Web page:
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|Title:||Reported sexual risk behavior modifications among Persistent HIV Pre-Exposure Prophylaxis clients in the Dominican Republic||Autores:||Tapia-Barredo, Leandro
Reyes Bacha, D.
Rodríguez-Lauzurique, Rosa M.
|Researchers (UNIBE):||Tapia-Barredo, Leandro
|Affiliations:||Instituto de Medicina Tropical y Salud Global (IMTSAG)
Instituto de Medicina Tropical y Salud Global (IMTSAG)
|Research area:||Ciencias de la Salud||Keywords:||PrEP; Risk Behaviour; HIV/AIDS||Issue Date:||2021||Source:||API 2021. XX Congreso Panamericano de Infectología y XIV Congreso de la Sociedad Dominicana de Infectología: Resúmenes de trabajos presentados. En: Revista Panamericana de Enfermedades Infecciosas, 4(Suppl. 1), 96-97.||Journal:||Revista Panamericana de Enfermedades Infecciosas||Volume:||4||Issue:||Suppl. 1||Start page:||96||End page:||97||Conference:||API 2021. XX Congreso Panamericano de Infectología y XIV Congreso de la Sociedad Dominicana de Infectología||Abstract:||
Background: Many studies of PrEP implementation have been evaluating the impact on reducing new HIV diagnoses across the globe, however, just recently more data has coming from Latin-American countries. High sexual partners turn-around and risky behaviors has been associated to HIV acquisition and other STIs. During the first implementation PrEP pilot in the Dominican Republic we analyzed behavioral changes variables, and biological markers of STIs infection.
Materials and Methods: Self-identified MSM and Transgendered women attending an outpatient clinic in the capital city were invited to receive PrEP. All participants were screened for substantial risk and behaviors regarding HIV infection by the psychology department and those qualifying were screened for HIV and other STIs. Only individuals with over 6 months of uninterrupted PrEP use were included in the study. A comparison between self-reported behaviors before initiating PrEP and during follow-up appointments are reported.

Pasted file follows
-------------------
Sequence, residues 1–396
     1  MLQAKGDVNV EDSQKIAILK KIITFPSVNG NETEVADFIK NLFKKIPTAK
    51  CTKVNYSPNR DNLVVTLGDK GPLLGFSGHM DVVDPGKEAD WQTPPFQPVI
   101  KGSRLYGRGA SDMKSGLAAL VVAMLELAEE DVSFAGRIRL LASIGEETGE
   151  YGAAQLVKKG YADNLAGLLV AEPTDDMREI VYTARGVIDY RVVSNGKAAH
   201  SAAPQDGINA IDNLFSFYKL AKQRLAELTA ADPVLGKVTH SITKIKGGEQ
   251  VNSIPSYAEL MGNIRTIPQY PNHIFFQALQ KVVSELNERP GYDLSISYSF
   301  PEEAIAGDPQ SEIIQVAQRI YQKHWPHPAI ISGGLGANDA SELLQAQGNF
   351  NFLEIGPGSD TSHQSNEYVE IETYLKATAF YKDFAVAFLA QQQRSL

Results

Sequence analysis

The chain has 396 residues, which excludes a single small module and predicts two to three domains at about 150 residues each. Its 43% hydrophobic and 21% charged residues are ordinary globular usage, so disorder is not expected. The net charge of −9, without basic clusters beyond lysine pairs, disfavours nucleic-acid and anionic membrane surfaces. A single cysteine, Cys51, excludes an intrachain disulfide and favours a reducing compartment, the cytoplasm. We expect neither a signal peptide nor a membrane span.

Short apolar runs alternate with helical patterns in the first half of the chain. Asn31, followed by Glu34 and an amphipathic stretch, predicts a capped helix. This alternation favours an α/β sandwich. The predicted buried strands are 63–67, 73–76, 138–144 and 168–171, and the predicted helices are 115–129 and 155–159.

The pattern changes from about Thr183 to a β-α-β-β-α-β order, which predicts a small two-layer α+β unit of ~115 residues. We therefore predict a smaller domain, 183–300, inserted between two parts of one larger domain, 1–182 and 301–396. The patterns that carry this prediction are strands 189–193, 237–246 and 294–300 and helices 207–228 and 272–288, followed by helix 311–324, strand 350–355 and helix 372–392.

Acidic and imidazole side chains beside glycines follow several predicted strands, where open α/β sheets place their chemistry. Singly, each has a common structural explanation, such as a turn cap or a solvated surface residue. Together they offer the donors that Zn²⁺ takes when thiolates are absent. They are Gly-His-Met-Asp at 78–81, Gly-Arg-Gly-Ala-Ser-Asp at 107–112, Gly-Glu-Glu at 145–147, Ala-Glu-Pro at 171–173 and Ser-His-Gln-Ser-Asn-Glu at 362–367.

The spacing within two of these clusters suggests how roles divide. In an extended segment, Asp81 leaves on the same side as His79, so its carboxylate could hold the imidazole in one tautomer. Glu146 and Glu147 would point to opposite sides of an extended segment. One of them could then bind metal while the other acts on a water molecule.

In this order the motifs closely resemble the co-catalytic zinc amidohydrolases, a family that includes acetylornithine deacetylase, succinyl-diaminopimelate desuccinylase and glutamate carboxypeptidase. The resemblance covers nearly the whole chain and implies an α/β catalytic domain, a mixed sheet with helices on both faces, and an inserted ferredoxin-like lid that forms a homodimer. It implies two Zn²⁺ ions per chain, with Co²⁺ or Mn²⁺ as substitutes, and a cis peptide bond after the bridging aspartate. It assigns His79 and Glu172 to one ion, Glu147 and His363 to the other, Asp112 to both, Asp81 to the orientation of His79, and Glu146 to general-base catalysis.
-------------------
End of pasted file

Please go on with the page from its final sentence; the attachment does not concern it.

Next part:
Results: A total of 145 patients enrolled in PrEP services where assessed. Population was composed of 96% (n=139) MSM and 4% (n=6) TGF clients. Assessment of sexual orientation was self-reported homosexuals made up 70% (n=102), and heterosexuals 5% (n=7), bisexuals 20% (n=30) and Pansexual users 1% (n=1). Alcohol consumption (more than 3 times/week) was the most common reported behavior risk with a baseline report of 22% (n=32) of users and 10% (n=15) after 6 months of PrEP use. After 6 months of PrEP use sexual work decreased from 12% of users to 4% of the users. Mean number of partners during the previous 3 months at baseline was calculated at 9.5 partners while at 6 months follow-up was at 2.5 partners per client. PrEP use was significantly associated with an increase report of regular condom use during the first 3 months (p<0001) and 6 months (p=0.007). PrEP use was associated with a decrease in reported sexual partners by a mean of 6,4 less partners after 6 months (p=0.001). PrEP use is significantly associated with decreased report of sexual contact with TRSX after 6 months (p<0.001).
Conclusions: Psychological assessment and follow-up to behaviour modification strategies is key to reduce the risks of HIV infection after PrEP cessation. Despite the negative impression that PrEP increases risk sexual contacts, and STIs diagnosis “PrEP whores”, this data did not sustain these statements. Persistance in PrEP also provides an opportunity to intervine in the provision of comprehensive care packages.
Libro de resúmenes de los trabajos presentados, publicado en suplemento de la Revista Panamericana de Enfermedades Infecciosas: https://revistas.utp.edu.co/index.php/panamericana/issue/view/1261
|Appears in Collections:||Publicaciones del IMTSAG-UNIBE|
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